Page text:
Last Monday, Jeff Gundlach, famed bond fund manager and CIO of Doubleline, made an interesting comment during an interview with CNBC when he stated that the 10-year Treasury yield would top 6% by 2020 or 2021.
6% would be the highest yield since 2000.
The chart below shows Gundlach’s estimated yield as compared to the long-run range of economic growth. (Note that real GDP growth was running at 5.27% in 2000 as compared to 3.0% today which is also getting weaker.)
As I discussed last week, interest rates are a function of the economy. So, while Jeff suggests that yields are rising to 6% in the next couple of years, such would suggest an extremely strong rebound in economic growth. Unfortunately, there is no evidence currently of a major upturn in economic growth due to surging deficits, debts, demographic, and employment trends. Further productivity trends mean such an upturn in economic growth could only come from a massive surge in debt. Is that likely to happen given our indebted state already?
The biggest problem with rising rates is the negative impact from higher borrowing costs. Given that consumption makes up 70% of economic growth, and that consumers are heavily indebted, a change in rates has an immediate impact to consumption. Take a look at the chart below of the Total Housing Activity Index versus 30-year mortgage rates.
But it isn’t just housing, but everything from automobiles to iPhones. When interest rates rise to a point to where the consumer can no longer afford the payment, the buy decision changes to either a lower priced product or a postponement of the purchase. More importantly, the change to the purchase mentality (either reduction or postponement) specifically slows the rate of economic growth.
Given the structural backdrops to the economy, there is an inability to substantially increase rates of productivity, output, wage growth, savings, or consumption, which would lead to stronger rates of economic growth. In fact, we are currently running some of the weakest rates of economic growth, productivity, and wages on record.
The annual rate of economic growth back in the late 70s, early 80s, was between 6 and 8 percent. Today, the long-run outlook for the economy is closer to 2% which is the terminal result of a 40-year long debt-driven expansion. Given that long-run projections of economic growth are between 1.5-2.5%, such means that the 10-year Treasury should run at about the same level. It is simply not feasible for rates to levitate to 4, 5, or 6% when economic growth is unable to support higher rates. Inflation, interest rates, wages, and economic growth are all tied to the consumer.
And the consumer is pretty much tapped out as credit card debt hits all-time highs and most Americans say they didn’t get a pay raise at their current job, or start a better paying job, in the last 12 months, according to a Wednesday survey from Bankrate.com.
“According to the poll, 62% of Americans report not getting a pay raise or better paying job in the past year – up from 52% last surveyed last year. That said, just 25% of respondents in this year’s survey said they would look for a new job in the next year.”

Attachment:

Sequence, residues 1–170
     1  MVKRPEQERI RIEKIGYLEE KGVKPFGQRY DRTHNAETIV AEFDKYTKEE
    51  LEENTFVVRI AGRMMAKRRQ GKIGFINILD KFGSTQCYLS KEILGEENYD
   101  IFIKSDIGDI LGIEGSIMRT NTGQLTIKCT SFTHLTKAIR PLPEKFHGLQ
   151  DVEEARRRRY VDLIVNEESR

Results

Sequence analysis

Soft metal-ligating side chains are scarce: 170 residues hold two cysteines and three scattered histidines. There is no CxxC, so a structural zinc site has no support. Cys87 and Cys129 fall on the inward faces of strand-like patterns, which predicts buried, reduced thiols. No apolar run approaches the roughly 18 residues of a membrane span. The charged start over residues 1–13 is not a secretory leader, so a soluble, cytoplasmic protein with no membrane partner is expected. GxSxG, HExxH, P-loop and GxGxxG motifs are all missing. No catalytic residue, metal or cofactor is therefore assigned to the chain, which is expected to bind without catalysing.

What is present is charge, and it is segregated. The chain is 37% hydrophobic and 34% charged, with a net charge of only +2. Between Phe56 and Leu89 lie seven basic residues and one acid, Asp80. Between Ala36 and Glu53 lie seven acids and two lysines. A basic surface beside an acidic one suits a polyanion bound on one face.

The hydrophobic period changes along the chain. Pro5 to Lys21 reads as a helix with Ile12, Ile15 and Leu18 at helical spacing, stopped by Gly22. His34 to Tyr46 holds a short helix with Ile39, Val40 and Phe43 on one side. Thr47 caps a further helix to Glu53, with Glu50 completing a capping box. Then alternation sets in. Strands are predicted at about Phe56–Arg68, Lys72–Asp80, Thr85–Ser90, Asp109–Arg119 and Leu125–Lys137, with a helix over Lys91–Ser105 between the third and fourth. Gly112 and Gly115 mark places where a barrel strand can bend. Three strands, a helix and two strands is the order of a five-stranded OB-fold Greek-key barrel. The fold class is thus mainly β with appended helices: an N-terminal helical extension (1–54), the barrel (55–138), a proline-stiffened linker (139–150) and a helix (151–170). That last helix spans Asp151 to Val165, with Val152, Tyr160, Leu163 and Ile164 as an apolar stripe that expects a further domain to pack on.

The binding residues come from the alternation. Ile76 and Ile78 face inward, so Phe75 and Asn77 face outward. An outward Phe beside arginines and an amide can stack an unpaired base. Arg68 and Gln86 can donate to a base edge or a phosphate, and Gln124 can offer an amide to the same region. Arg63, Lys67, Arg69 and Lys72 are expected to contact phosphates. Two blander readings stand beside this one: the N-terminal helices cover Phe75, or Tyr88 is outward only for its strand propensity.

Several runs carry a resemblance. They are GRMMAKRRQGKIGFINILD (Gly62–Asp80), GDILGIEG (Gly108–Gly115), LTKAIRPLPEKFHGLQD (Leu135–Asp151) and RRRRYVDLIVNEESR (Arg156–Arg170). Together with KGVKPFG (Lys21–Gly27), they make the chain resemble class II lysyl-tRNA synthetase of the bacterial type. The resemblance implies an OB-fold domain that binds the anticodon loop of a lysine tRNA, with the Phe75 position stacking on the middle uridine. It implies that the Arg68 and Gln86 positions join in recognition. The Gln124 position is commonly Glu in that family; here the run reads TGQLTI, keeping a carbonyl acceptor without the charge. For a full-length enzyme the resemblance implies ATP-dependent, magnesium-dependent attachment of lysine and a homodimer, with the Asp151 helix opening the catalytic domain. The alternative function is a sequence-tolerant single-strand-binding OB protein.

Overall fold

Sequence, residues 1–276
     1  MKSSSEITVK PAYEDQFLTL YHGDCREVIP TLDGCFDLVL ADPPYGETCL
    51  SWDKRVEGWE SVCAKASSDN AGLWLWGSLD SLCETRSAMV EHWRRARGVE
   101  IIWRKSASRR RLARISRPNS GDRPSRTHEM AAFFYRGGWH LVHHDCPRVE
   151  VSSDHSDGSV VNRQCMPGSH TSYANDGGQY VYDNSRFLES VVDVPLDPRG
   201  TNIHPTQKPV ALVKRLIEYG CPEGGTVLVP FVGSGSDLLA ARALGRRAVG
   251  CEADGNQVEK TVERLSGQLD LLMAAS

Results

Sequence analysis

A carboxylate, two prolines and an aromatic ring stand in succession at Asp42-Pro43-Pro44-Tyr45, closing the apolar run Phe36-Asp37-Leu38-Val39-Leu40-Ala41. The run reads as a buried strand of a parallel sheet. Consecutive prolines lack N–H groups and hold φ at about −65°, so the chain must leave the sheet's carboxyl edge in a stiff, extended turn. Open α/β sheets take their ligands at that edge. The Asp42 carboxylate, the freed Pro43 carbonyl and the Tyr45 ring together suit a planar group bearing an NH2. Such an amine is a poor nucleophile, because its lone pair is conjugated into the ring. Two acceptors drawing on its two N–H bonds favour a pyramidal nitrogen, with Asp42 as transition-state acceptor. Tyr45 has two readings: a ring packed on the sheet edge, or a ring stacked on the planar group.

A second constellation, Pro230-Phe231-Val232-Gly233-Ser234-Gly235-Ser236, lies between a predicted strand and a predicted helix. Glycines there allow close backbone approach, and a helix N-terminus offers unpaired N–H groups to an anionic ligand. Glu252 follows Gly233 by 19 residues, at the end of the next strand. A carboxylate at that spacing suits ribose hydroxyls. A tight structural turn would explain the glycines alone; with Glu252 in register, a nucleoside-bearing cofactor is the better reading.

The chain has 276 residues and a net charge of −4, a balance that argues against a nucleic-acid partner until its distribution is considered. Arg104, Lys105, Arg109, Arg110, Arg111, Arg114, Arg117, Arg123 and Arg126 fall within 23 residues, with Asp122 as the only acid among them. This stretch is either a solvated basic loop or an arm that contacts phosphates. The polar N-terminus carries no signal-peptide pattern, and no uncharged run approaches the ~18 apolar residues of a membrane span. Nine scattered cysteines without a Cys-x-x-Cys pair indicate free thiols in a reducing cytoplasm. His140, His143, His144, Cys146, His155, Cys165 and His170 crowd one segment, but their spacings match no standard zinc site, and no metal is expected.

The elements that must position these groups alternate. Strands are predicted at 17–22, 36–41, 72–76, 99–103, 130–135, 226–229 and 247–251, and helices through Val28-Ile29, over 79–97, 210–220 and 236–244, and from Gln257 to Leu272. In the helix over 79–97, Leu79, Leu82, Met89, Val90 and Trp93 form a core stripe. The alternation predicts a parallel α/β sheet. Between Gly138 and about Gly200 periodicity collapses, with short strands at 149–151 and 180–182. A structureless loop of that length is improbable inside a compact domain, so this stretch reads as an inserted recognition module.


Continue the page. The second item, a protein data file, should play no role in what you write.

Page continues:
So, if economic growth is going to remain weak, then what other reason would cause rates to rise?
Jeff made a valid point about the issue of the deficit suggesting such will ultimately be the catalyst for rates to rise.
This is a topic I have discussed much previously:
“While the markets have been the beneficiary of the tax cut legislation, which gave a short-term boost to corporate profitability, the economy has enjoyed a boost from the massive increases to spending from what should have been more aptly termed the ‘Bipartisan Non-Budget Act of 2018.’ Notice in the chart below the pickup in economic activity has coincided with a surge in the deficit. Spending on natural disasters and defense spending increases ‘pull forward’ future economic growth which is an illusion of an economic turn.”
“Importantly, surges in budget deficits as a percentage of GDP, are normally associated with ‘recessionary’ activity in the economy. As noted, the increases in Federal spending create a temporary boost to economic growth which supports higher asset prices. Currently, the government is running one of the largest deficits, in both dollar terms, and as a percentage of GDP, in history. This is occurring at a time when the economy is ‘booming’ and deficits should be reduced for the next ‘rainy day.’”
“Furthermore, with sequester-level budget caps returning next year, the budgetary issues in Washington will become even more complicated. The last time budget-caps came into play Ben Bernanke launched QE-3 to offset the economic drag from expected reductions in government spending. However, given the recent track record of the ‘conservative’ Congress, it is highly likely spending will be increased further in the months ahead. Look for an even larger ‘C.R.’ in December when the current resolution runs out.”
Jeff’s point is one that has been made many times previously by others. The basic premise is that as the deficit expands, it will require more debt to be issued. The problem comes when the demand to purchase that debt does not keep up with the supply. Up to this point, America has been fortunate to maintain its role as the world’s reserve currency which means foreign nations hold Treasuries in their reserve accounts. But, as Jeff states, there are many countries now looking for an alternative. The problem for America comes as the status of “reserve currency” diminishes.